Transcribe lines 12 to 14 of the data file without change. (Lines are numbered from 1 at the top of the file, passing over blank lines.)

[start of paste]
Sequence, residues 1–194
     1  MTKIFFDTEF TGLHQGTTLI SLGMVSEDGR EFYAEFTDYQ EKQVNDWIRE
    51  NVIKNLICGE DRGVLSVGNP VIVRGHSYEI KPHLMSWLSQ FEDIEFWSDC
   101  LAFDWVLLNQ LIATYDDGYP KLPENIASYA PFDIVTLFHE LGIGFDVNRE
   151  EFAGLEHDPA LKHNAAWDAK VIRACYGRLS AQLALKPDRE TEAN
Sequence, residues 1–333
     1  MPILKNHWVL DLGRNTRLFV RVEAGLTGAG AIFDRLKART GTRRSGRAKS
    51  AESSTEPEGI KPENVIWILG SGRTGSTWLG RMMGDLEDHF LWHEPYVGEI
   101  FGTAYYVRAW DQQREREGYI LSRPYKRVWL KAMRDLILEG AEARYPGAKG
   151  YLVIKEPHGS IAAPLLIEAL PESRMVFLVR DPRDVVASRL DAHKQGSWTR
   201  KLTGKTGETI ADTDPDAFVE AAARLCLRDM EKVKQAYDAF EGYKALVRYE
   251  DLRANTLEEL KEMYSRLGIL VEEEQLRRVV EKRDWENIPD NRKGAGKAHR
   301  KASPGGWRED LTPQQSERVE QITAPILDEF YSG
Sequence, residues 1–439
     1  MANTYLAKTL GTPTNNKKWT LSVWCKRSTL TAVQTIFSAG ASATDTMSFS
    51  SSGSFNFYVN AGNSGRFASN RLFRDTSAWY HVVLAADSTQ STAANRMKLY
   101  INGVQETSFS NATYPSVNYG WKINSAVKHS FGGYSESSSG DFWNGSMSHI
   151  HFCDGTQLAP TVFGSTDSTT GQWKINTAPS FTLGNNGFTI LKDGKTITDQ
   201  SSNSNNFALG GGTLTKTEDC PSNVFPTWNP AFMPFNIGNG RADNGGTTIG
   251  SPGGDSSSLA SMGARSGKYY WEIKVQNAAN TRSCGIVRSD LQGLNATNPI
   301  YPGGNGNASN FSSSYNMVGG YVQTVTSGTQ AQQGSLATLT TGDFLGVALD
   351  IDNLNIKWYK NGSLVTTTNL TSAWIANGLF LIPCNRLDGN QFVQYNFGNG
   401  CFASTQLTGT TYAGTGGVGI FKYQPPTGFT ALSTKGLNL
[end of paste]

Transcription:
   251  DLRANTLEEL KEMYSRLGIL VEEEQLRRVV EKRDWENIPD NRKGAGKAHR
   301  KASPGGWRED LTPQQSERVE QITAPILDEF YSG
Sequence, residues 1–439